I am delighted to present you with a project that I hold dear. In fact, when some time ago I was asked to write an essay for Claudio Romo’s Bestiario Mexicano, I immediately accepted: I never made a mystery of my unconditional admiration for the Chilean illustrator, and I talked about him on this blog on several occasions.
There are many excellent artists, who can strike you for their visionary imagination or their poetic touch; but if these elements are backed with a personal research that is not merely aesthetic, their works rise to a different level.
Such authors are rare.
For this reason, as he will be in Bologna from March 25 to 28 (all the details on Logos Edizioni‘s FB page), I strongly advise tou to go an meet Claudio in person if you have the chance.
With him, you will be able to talk history, literature, art; he will infect you with his passion for Borges and Cronenberg, Kircher and Frank Herbert, Ulisse Aldrovandi and Arcimboldo, effortlessly shifting from the philosophy of language to comic books. He will tell you why Chile is such a liquid land, that it somehow instills a fluid vision of reality in the mind of Chilean people; he will get all excited talking about alchemical etchings, or the sacrality of lucha libre. As with all real great artists, he will amaze you with his modesty and his boundless enthusiasm.
For a person who has such a vast and faceted culture, drawing is not a simple means of “expression” for his inner world, but rather resembles a tool to understand reality. It is a tile within a much larger intellectual exploration, an urgent, inevitable need.
Such authors are rare indeed.
This colorful Bestiario Mexicano Romo has been working on for several years, is now finally published in its definitive, expanded version.
The book represents his personal take on five mythological figures of the Maya tradition which are still common today in Yucatán folklore: the Sinsimito, the Aluxes, the Nahual, the Waay Pop and the Waay Chivo.
Claudio presents us with a fantastical and awe-inspiring interpretation of all these creatures, combining Pre-Colombian iconography with a modern and surrealist sensibility.
In the introduction, I addressed the concept of metamorphosis and the nature of the monstruous, trying to show how – despite these monsters’ apparent exotism vis-à-vis our own tradition – there are several interesting similarities between the Mesoamerican culture and European paganism.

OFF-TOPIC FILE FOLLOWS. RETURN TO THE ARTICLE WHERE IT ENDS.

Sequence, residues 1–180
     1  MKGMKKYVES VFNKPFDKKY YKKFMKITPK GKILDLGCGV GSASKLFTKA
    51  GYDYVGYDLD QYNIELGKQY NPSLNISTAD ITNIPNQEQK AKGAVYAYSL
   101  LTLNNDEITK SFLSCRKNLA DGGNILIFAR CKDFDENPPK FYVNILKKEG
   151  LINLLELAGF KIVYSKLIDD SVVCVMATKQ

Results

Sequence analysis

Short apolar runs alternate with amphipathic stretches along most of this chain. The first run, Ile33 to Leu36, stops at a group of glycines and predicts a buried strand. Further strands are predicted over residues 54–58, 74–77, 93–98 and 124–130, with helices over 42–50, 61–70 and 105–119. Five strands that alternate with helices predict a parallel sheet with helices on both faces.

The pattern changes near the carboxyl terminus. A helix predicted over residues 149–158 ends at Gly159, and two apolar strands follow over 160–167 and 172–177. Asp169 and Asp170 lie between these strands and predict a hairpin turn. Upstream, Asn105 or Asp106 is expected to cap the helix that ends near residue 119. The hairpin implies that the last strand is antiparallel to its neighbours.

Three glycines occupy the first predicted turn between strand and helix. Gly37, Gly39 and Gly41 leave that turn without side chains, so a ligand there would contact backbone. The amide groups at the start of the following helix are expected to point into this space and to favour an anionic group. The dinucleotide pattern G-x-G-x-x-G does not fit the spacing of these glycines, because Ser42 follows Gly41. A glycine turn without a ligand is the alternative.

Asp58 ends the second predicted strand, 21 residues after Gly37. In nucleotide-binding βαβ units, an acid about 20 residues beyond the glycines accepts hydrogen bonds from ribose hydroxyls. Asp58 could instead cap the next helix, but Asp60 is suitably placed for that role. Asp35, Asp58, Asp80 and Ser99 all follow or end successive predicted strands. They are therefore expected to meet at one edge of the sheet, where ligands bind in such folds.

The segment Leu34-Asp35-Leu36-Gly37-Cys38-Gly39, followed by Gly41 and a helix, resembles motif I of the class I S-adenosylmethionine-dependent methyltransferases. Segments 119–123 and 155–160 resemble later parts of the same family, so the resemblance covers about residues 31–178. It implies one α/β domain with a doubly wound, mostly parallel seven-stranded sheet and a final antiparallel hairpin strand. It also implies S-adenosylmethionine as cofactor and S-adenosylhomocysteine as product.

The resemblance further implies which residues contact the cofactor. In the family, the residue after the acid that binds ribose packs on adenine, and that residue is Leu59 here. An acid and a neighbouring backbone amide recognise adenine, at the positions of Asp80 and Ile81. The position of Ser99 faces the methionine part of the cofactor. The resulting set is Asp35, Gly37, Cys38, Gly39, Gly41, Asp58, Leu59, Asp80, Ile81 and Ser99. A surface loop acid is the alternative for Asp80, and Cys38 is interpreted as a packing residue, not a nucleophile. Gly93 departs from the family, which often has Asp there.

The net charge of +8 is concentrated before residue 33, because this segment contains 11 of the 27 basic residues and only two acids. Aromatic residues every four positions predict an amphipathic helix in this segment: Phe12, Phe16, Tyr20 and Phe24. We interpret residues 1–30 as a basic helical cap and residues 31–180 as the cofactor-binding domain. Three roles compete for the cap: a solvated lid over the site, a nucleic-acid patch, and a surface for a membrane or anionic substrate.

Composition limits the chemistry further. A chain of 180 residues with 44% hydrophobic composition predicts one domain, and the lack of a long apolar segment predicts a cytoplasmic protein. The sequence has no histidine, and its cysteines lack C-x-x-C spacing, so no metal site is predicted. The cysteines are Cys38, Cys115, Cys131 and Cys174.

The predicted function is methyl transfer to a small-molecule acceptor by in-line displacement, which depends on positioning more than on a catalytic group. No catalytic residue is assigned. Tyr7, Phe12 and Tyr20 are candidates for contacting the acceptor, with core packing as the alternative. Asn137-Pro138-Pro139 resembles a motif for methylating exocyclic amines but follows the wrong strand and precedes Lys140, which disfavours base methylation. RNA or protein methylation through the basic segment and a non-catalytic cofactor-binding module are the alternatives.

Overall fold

Each monster also has its own in-depth information box, which integrates Claudio’s poetic descriptions of these spuernatural figures: besides defining their aspect, specific powers, behavior and regional variants, I have also tried to explain their anthropological value, the symbolic function served by the different creatures.
I think the book is a little gem (I don’t take any credit for that), packed full with wonderful imagery from start to finish, and Claudio really deserves a wider recognition; in my own small way, I hope my contribution helps clarify that his Bestiario, with all its richness, should not be confused with a simple comic book.
Unfortunately for the time being the book is out in Italian language only. If that’s no problem for you, you can still get your copy of Bestiario Mexicanoon this page.
A man alone is always in good company. (G. Gaber, “I soli”, in Il Teatro Canzone, 1992)
For those who had an imaginary friend as children: don’t you ever miss that buddy you used to spend your days with?
You used to have fun together, give each other advice, tell each other your hopes and fears. Such imaginary friendship – as you probably already knew back then – was nothing but a mental game; yet it helped you to find your way into the complex world of grown-ups; and maybe it was also useful to unload some frustration, or to ease some loneliness.
Of course, now that you are adults, you learnt that there must be just one voice inside your head. If grown-ups keeps talking with an imaginary friend, well, it means they are crazy.
Yet, let’s admit it: sometimes we wish we could evoke someone to get some advice, someone we could confess a secret to and know it will never be revealed…
Some people don’t give up.
Since 2010 there is a small online community, made by people practicing the so-called “tulpamancy”. Tulpamancy is the creation of secondary identities or, in a manner of speaking, imaginary friends. Such entities are called “tulpa”, and they are generated by using some techniques on the edge between Eastern meditation and psychology: a tulpamancer, i.e. anyone trying to develop a tulpa, makes it consciously and is fully aware of the fictitious nature of the character he has created. At the same time, though, they can give this character a unique and independent identity, and they can hear its voice and perceive it also in the real world – through visual, hearing, tactile, and olfactory deliberate hallucinations.
Tulpas can be very different from their creators, thus allowing different perspectives; they sometimes speak different languages or have an exotic accent; they can be vague figures or extremely detailed characters with their own clothing and accessories; they have their own personality, tastes and skills.
They can help their tulpamancer in the most various ways: it could be a simple chat, or sometimes something more.
At first glance, it can look crazy to create a multiple personality on purpose: the dissociative identity disorder is a serious pathology (some years ago I interviewed for this blog a woman hosting in her mind 27 alter egos, and her life wasn’t easy at all).